Eurocentric history dept?

Tuesday, April 7th, 2009

Re: “Viewing the world through the West’s eyes”
Jan. 11, 2007

To the Editor:
As a fourth-year history student, I was extremely shocked and disappointed with your article “Viewing the world through the West’s eyes.”

There were many inaccuracies in the article and it portrayed the history department in a very poor light. Throughout my years at Western, I have had the opportunity to take many different history courses and I think Western offers great variety in its courses and tries to appeal to everyone’s interests. Just look at the course calendar; you’ll realize there are more than 20 different courses offered that aren’t North American or European.

The article claims students are forced to take four European courses, but this is false. As part of a history degree, we are required to take one Canadian History course, one American history course and Europe in the 16th and 17th century. These courses are necessary for any history student in Canada for obvious reasons and they don’t reflect Eurocentricism; they merely recognize the importance of these courses to any history student.

It’s also important not to undermine the important world events that just happen to have taken place in North America and Europe. Many of the so-called European courses deal with events like the two world wars, two major events in world history.

History teaches us that everything is related and, to understand something completely, every angle must be studied and analyzed. For people to say it’s Eurocentric is simply wrong, because everything is connected and it’s only through understanding all kinds of history that people can people realize this. European, Canadian and American history is included in this and shouldn’t be discredited or misrepresented as Eurocentric.
"Sara Farrell
History & French IV

Ed note: The Gazette article said students must take four North American or European based courses, not four European courses.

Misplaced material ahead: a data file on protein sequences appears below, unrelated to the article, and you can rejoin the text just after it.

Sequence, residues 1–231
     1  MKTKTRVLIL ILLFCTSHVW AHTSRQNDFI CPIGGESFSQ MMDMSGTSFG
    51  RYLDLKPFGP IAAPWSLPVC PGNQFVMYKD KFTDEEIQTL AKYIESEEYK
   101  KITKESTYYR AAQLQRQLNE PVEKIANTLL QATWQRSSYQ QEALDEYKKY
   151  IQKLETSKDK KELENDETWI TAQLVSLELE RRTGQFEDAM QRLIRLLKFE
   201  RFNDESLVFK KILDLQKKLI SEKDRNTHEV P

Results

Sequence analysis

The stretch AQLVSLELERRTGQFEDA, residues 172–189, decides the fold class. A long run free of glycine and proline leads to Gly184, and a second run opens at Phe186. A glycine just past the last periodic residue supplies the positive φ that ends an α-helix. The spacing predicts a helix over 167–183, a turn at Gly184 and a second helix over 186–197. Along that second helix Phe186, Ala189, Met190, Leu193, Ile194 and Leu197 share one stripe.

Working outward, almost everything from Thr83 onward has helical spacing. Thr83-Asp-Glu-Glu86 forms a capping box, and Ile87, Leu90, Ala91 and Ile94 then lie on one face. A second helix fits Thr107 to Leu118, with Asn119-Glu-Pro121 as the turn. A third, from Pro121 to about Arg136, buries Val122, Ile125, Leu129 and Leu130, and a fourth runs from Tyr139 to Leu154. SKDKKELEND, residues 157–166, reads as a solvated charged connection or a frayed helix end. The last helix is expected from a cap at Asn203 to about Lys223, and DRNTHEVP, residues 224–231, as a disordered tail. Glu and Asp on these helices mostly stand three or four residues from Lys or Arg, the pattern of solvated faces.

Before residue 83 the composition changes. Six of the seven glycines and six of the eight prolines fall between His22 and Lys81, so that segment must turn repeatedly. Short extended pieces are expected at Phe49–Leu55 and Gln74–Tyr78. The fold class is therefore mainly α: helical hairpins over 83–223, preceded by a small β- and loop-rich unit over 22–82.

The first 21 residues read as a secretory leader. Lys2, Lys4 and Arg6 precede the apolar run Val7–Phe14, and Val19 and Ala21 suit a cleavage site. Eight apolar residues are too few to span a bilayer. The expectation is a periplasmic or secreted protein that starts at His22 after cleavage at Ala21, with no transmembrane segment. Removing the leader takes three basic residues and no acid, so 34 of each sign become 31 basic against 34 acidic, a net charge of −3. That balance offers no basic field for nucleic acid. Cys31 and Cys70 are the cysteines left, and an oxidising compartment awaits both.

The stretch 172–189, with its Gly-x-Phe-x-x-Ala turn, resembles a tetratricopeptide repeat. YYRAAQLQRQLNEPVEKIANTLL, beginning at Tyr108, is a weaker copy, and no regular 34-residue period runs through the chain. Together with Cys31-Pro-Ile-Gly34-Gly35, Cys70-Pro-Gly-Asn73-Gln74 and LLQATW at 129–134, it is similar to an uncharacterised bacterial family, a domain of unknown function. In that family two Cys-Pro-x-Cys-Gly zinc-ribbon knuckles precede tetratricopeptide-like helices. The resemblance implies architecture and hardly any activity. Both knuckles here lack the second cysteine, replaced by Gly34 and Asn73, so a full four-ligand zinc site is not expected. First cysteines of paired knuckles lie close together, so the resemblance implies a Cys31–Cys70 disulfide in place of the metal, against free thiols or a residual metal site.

To the Editor:
In regards to the article printed Thursday, I merely wish to echo the distresses found in the constraints of the history program as well as possibly extend it beyond to other faculties. While I understand there must be guidelines to get a specific degree, as an honours history student I feel I have little choice in what I can take year to year that actually interests me. Having diversity in the faculty of history may have tremendous advantages if combined with a “laissez-faire” course-choosing system. This system, if enacted, would allow greater freedom for individuals who feel constrained by the social science regime.

Commenting specifically on the courses provided, I completely agree there is a large European bias. Having said this, I also see a large “Western” European bias which overshadows any significant advancements of “Eastern” nations. I believe that, in an ever-expanding intellectual world, we should be open to other nations which interest us, all the while choosing what we want to study, not what we need to do to get a paper certificate.
"Michal Kniec
History & Classical Studies II

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